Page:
Import and Export Tools

Import and Export tools are included in the Cordra distribution. The export tool enables you to extract the digital objects from a given Cordra setup (single instance or a distributed system) as files into the environment where the tool is run from. The import tool enables you to ingest the output of an export tool process as digital objects into a (any) Cordra setup. The rest of this section describes the specifics of these tools.

These tools do not use the Cordra API, but rather use the Cordra storage module to interact with the underlying storage system. As a result of this, they are able to copy objects in and out of Cordra in their entirety, without modifying their contents in any way.

The import and export tools can be found in the /WEB-INF/tools directory after unzipping ROOT.war. You can run the scripts there after unzipping by making the files executable (for instance using chmod +x on *nix systems).


Since these tools talk directly to storage they bypass all of the usual validation checks that Cordra makes. For example, during import, objects that do not match schemas can be inserted. Likewise, type objects or user objects with duplicate names can be inserted. Doing so could result in unexpected and/or unwanted behaviour. Cordra should be shutdown before you attempt an import or an export in order to curtail any parallel administrative activity.

When exported, files are produced that represent Cordra objects. Each file contains information from a corresponding Cordra object, and includes a JSON map of any payloads; and those payloads are encoded as base64 strings. Metadata and schema-driven information of each Cordra object is represented as JSON in those files. If wholesale changes to digital objects are required, it is easy to edit the representative files while in the export format, and subsequently import them into Cordra. However, because payloads are encoded as base64 strings, editing payloads while in the export format is not straightforward.

Once you have imported the objects, Cordra should be re-indexed to function properly. How you reindex depends on the type of indexer you are using. Deleting the existing index and restarting Cordra will trigger a reindex. For example, if you are using the default index that comes with Cordra, you can simply remove the data/cordraIndex directory. For related details, see Reindexing.

The specific commands to import and export are described next, but both import and export tools take the -c option, which is the path to the config.json that includes the details of the storage being used. In the case of exporting from the local file system based storage, it is also necessary to specify the path to the Cordra data directory with the -d option so the tool can find the storage. This option is not needed with MongoDB or Amazon S3 storage.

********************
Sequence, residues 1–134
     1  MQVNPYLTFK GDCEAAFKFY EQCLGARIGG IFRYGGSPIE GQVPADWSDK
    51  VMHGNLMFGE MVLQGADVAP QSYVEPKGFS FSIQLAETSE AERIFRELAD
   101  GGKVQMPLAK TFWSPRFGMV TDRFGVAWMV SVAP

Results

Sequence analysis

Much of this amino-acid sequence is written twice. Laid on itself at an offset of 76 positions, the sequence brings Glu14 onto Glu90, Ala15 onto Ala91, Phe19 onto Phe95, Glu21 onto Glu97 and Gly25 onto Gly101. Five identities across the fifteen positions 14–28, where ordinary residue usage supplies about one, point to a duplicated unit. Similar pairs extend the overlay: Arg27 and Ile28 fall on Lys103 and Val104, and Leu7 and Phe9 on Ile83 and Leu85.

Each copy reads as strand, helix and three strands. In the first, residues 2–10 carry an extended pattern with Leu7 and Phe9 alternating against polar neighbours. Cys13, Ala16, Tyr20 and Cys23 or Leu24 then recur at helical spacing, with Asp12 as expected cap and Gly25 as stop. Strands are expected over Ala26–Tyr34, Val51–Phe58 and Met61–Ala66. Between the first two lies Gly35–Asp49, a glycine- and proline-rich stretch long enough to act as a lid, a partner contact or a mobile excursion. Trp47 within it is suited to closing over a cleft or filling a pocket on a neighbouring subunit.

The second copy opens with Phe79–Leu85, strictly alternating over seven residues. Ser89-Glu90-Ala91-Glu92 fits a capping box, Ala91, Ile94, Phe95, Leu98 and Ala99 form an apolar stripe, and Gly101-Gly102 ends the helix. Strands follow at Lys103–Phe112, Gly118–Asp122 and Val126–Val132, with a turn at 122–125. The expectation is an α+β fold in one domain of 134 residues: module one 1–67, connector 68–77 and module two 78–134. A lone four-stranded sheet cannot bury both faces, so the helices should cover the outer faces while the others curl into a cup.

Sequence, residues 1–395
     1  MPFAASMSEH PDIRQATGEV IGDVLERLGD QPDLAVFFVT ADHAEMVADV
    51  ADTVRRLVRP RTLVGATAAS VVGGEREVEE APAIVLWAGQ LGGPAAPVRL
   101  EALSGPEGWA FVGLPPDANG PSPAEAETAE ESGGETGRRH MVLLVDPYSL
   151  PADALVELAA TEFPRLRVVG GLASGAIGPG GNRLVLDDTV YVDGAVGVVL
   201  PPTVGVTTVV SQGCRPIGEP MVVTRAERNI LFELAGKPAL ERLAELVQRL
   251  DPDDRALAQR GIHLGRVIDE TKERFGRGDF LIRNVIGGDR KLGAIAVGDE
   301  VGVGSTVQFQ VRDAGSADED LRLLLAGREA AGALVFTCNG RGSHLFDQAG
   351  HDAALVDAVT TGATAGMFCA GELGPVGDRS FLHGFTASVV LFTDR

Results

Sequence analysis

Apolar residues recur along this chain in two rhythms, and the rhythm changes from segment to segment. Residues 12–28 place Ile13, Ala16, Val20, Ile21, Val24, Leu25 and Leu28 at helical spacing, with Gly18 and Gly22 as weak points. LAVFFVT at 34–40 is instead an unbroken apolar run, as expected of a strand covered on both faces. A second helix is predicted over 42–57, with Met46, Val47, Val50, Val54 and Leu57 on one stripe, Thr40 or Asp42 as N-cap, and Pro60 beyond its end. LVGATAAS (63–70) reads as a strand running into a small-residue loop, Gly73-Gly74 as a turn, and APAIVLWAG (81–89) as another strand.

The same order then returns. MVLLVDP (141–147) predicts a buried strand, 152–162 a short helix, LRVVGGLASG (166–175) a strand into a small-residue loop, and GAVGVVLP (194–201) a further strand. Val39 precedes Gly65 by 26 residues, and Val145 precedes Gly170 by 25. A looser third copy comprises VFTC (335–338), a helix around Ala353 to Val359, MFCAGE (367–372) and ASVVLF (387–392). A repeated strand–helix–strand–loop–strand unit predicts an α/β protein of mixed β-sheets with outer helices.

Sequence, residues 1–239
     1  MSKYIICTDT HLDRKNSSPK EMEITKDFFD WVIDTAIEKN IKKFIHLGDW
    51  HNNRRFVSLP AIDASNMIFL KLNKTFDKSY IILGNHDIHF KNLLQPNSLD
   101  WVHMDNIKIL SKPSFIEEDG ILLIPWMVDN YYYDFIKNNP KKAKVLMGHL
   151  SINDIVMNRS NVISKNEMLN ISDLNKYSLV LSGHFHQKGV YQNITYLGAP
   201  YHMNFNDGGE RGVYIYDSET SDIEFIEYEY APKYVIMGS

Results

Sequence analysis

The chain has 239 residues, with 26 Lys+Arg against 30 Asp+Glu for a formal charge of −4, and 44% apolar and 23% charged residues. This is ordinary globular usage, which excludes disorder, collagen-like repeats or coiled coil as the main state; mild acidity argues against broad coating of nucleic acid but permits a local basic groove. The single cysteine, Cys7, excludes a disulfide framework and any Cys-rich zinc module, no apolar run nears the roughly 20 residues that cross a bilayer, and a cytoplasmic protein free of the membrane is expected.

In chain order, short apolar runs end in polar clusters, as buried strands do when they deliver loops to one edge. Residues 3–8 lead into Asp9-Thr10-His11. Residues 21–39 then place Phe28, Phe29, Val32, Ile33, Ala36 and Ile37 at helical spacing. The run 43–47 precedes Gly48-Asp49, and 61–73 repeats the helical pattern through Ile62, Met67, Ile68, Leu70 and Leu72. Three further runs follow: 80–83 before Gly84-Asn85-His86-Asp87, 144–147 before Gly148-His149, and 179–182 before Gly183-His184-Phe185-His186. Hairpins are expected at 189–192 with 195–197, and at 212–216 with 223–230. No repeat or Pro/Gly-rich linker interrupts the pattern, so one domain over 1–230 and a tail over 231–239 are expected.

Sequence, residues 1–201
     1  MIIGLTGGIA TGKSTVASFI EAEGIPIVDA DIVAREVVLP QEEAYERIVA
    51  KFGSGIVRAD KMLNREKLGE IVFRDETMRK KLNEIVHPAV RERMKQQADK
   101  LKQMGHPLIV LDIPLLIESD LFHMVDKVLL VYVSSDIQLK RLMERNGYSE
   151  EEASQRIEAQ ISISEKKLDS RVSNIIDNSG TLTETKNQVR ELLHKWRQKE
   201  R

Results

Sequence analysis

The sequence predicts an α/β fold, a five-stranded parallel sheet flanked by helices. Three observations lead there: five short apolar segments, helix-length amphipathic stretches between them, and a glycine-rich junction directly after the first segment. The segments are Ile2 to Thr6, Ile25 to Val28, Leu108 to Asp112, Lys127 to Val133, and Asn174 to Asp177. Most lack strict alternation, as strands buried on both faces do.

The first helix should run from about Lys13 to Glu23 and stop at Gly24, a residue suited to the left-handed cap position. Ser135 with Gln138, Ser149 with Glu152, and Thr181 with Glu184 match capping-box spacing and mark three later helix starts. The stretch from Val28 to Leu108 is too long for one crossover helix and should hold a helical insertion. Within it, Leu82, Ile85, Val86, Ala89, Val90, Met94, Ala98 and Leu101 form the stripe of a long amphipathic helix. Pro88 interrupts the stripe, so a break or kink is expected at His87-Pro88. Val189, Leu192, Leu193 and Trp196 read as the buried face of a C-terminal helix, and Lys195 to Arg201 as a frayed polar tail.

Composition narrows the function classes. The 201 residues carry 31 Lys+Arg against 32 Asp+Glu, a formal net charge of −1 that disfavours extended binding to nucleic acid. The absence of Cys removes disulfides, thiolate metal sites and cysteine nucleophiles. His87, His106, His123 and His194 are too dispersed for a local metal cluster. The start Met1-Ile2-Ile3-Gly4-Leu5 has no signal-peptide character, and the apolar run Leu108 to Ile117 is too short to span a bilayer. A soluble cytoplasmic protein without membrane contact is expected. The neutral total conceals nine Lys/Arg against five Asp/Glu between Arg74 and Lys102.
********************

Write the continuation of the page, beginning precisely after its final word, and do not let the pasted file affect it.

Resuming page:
An example to export digital objects from a local file system based Cordra:

./export-tool -c cordra/data/config.json -d cordra/data/ -o objects

An example to export from a backend system such as MongoDB or Amazon S3 (and with their coordinates being in config.json):

./export-tool -c config.json -o objects


An example to import digital objects into a local file system based Cordra:

./import-tool -c cordra/data/config.json -d cordra/data/ -i objects

An example to import digital objects into a backend system such as MongoDB or Amazon S3 (and with their coordinates being in config.json):

./import-tool -c config.json -i objects


As explained above, a reindexing step is necessary after an import.

Hashed directory output

With large numbers of objects, you may exceed the maximum number of files that your file system allows in a single directory. In such a case you can use the -t option.

./export-tool -c cordra/data/config.json -d cordra/data/ -o objects -t

This will hash the object ids and break that resulting hash into segments that are used to create a directory tree. The import tool does not need to be specified if the import is from a hashed directory or not; it will work either way.

Limit the objects that are exported by id

./export-tool -c cordra/data/config.json -d cordra/data/ -o objects -i 123/abc -i 123/xyz

Here multiple -i arguments can be passed to the tool to specify which objects to export.

If you have a large number of objects you want to explicitly export, you can list their ids in a new line separated file and use the -l option.

./export-tool -c cordra/data/config.json -d cordra/data/ -o objects -l ids.txt

An additional tool called ‘ids-by-query’ can be used to generate ids file by running a query. Unlike export-tool and import-tool, it needs to access a running Cordra. This tool comes with the Cordra distribution and can be found in the bin directory.

./bin/ids-by-query -b http://localhost:8080 -u <username> -p <password> -o ids.txt -q <query>

Piping export to import

Instead of writing objects to files in a directory the export tool can instead write objects as new line separated JSON to standard out using the -s option. This can be piped to the import tool in a *nix environment.

./export-tool -c cordra/data/config.json -s | ./import-tool -c cordra2/data/config.json -s